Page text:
Opinion
Grading City Hall: See our report card for L.A. City Council President Herb Wesson
Opinion L.A.
Opinion Opinion L.A.

Back to the moon: What's the point?

Today's topic: What's the purpose of going back to the moon and eventually to Mars? Does NASA have its priorities straight on space travel? How much will the private sector play a role in the future of space exploration?

A leaner, meaner NASA can take us to the moon and beyondPoint: Michael Potter

As human beings, we walk around with stardust and comet water that originated from the heavens in our bodies. I do not believe that humans will be stranded here on Earth forever. I have a strong conviction that humans are destined to become a space-faring, multi-planetary species.

NASA continues to pursue the George W. Bush-initiated "Vision for Space Exploration," which calls for a return to the moon and an eventual human presence on Mars. If these goals of returning to the moon and going on to Mars can be accomplished in a coherent, sustainable and efficient fashion, they should be robustly supported. Supporters of this plan view the moon as a logical stepping stone to Mars, arguing that a sustainable moon base would provide fuel for space vehicles and help us move up the critical learning curve of enabling humans to live beyond low-Earth orbit.

In this climate of budgetary pressures and domestic distractions, it is possible that either NASA or a weak-willed Congress may choose a planet destination and skip returning to the moon. If NASA intends to be serious about these ambitious goals, the agency has to immediately tighten its controls on plans, logistics and cost. If the agency is unable to demonstrate this ability to focus, Congress is likely to impose its own will, which would likely result in a scaled-down vision.

There are two positive effects that could come from this budgetary crunch. The first is an opportunity for a more focused and disciplined NASA. The second is an opportunity for the private sector to play a more important role in the future of space exploration. The better that NASA can leverage the private sector (and vice versa), the greater the opportunity for achieving a big impact in space with a smaller overall investment.

The lesson of the last 40 years is that the government has proved it can run neither efficient nor sustainable space activities. More than at any moment in its history, NASA needs the private sector to play a critical role in space exploration. At the signing of the next big commercial deal between NASA and a private company, let us hear the celebratory toast, "To the moon and beyond!"

Michael Potter is director of the award-winning documentary film "Orphans of Apollo."

No moon base neededCounterpoint: Bill Nye

Well, Michael, near as I can tell, you and others are convinced that the United States needs to send U.S. astronauts back to the moon to prove something -- that the U.S. can still achieve the same things it did 40 years ago. As vice president of the Planetary Society, I have observed that this strong interest in having the U.S. return people to the moon is generational. If you're of a certain age, old enough to remember 1969, you are more likely to want to send Americans back there. If you're young, or, if I may, young of mind, you don't find those billions of moon dollars worth spending.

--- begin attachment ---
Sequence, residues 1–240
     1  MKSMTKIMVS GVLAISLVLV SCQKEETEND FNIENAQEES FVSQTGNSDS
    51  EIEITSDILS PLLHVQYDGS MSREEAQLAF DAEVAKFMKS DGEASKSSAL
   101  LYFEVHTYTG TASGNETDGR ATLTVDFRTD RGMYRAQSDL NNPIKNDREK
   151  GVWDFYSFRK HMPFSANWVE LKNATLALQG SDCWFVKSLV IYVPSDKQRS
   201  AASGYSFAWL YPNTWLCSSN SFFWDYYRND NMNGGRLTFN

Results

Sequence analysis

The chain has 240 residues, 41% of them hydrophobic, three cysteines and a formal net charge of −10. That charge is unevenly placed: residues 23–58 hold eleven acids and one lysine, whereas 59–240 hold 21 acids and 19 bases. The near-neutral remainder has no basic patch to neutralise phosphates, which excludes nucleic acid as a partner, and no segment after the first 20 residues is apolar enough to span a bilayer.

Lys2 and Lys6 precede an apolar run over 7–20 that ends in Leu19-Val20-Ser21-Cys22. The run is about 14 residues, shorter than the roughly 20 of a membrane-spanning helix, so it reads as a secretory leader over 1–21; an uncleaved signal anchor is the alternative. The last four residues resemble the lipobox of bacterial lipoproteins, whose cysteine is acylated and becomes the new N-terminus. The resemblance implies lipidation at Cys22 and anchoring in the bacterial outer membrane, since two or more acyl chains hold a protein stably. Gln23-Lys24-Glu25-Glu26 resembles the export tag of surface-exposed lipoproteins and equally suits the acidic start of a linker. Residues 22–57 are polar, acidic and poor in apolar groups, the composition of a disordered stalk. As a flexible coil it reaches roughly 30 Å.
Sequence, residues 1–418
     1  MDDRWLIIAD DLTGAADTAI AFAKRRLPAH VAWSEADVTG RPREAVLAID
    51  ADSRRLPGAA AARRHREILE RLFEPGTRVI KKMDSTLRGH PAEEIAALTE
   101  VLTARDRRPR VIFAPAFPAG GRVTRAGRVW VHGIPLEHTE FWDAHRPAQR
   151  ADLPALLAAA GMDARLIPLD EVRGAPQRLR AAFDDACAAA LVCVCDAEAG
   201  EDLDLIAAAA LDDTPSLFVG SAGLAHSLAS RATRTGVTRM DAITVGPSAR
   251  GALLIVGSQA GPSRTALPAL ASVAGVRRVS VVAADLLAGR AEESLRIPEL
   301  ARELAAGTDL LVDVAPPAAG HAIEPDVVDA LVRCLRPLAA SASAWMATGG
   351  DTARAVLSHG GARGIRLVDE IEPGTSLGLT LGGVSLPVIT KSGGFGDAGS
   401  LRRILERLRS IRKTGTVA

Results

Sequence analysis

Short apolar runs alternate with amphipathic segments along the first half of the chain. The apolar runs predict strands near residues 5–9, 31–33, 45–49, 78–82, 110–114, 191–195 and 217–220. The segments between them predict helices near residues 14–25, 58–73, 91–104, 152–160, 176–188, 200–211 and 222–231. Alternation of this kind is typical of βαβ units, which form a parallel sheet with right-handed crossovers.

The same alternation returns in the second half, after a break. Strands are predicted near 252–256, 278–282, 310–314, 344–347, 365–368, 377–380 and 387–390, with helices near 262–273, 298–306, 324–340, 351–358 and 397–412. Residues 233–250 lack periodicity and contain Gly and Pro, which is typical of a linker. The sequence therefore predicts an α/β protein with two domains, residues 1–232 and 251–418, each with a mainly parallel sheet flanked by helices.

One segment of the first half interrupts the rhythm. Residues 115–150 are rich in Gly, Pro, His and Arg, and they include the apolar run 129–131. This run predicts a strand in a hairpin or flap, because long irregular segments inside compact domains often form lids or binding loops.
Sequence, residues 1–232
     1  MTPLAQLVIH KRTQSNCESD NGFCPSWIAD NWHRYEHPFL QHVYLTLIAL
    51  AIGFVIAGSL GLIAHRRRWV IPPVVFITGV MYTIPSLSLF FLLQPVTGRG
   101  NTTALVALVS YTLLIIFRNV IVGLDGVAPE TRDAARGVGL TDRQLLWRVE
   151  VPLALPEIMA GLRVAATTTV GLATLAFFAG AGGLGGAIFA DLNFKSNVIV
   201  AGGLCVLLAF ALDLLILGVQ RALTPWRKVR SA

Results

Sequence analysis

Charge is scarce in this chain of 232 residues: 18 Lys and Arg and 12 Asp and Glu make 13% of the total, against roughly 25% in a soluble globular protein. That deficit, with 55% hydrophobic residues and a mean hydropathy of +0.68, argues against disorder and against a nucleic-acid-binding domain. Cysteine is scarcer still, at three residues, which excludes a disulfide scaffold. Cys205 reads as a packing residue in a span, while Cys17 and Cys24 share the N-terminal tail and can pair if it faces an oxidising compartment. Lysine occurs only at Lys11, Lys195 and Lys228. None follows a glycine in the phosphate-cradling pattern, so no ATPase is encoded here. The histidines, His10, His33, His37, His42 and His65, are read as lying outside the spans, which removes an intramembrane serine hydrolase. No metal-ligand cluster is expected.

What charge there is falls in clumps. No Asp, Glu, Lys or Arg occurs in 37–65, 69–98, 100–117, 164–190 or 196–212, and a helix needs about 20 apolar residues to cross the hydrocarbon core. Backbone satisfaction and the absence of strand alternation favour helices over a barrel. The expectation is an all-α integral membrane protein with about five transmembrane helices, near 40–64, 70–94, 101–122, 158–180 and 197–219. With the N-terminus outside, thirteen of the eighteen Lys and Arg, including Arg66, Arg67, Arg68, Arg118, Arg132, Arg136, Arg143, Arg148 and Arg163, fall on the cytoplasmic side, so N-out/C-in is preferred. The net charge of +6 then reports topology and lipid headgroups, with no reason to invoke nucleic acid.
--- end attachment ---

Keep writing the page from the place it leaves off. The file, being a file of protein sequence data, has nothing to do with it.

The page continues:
Here is where entrepreneurs -- people willing to send spacecraft to the moon without government support -- may come in. Commercial rocketeers may soon come up with low-cost, high-reliability spacecraft that can make space tourism, and perhaps even asteroid mining, profitable. But this is not what NASA does, nor should it be.

People in your camp, Michael, assert that the U.S. must go back to the moon before we do anything new. We have to go back to learn or relearn how to live and work on another world or in space. On my side, we assert that it's too costly, in terms of fuel and time, in terms of dollars and cents, if what you really want to do is go to Mars. We can leave from here, no moon base needed.

Mars is a world so very much like Earth, yet so different. A day on Mars is so close in length to a day on Earth that Mars rover teams live by Martian clocks, so they can be ready for each martian sunrise and sunset. Now and then, we pick up a meteorite in Antarctica that flew here -- from Mars. It is not crazy to suggest that life here started out as life on Mars and made the interplanetary journey after Mars was rocked (pun intended) by an enormous impacter about 3 billion (Earth) years ago.

It is a tantalizing prospect indeed that we may be able to find a very logical place to search for not only liquid or slushy water below the hard, barren Martian surface but evidence of life in the form of fossil bacterial organisms. Or weirder still, we might discover sub-surface organisms still alive. (Cue the spooky music.)

Such a discovery would certainly change life for us here on Earth. It would be akin to Copernicus showing that the Earth ain't the center of things, or Galileo showing that the moon isn't a perfect sphere, that Jupiter has moons not unlike ours and that Saturn has "ears." It has the potential to astonish every human on Earth now and as long as there are humans. This opportunity alone makes Mars a place we must explore. The question, as always, is at what cost. I assert that the right answer is at a reasonable cost. NASA's new administrator has to sort this out; the right answer may change the world forever.

Bill Nye hosted the Emmy-winning series "Bill Nye the Science Guy" on PBS from 1992 to 1998. He is a member of the board of directors and the vice president of the Planetary Society.

Copyright © 2015, Los Angeles Times
Comments
Loading
83°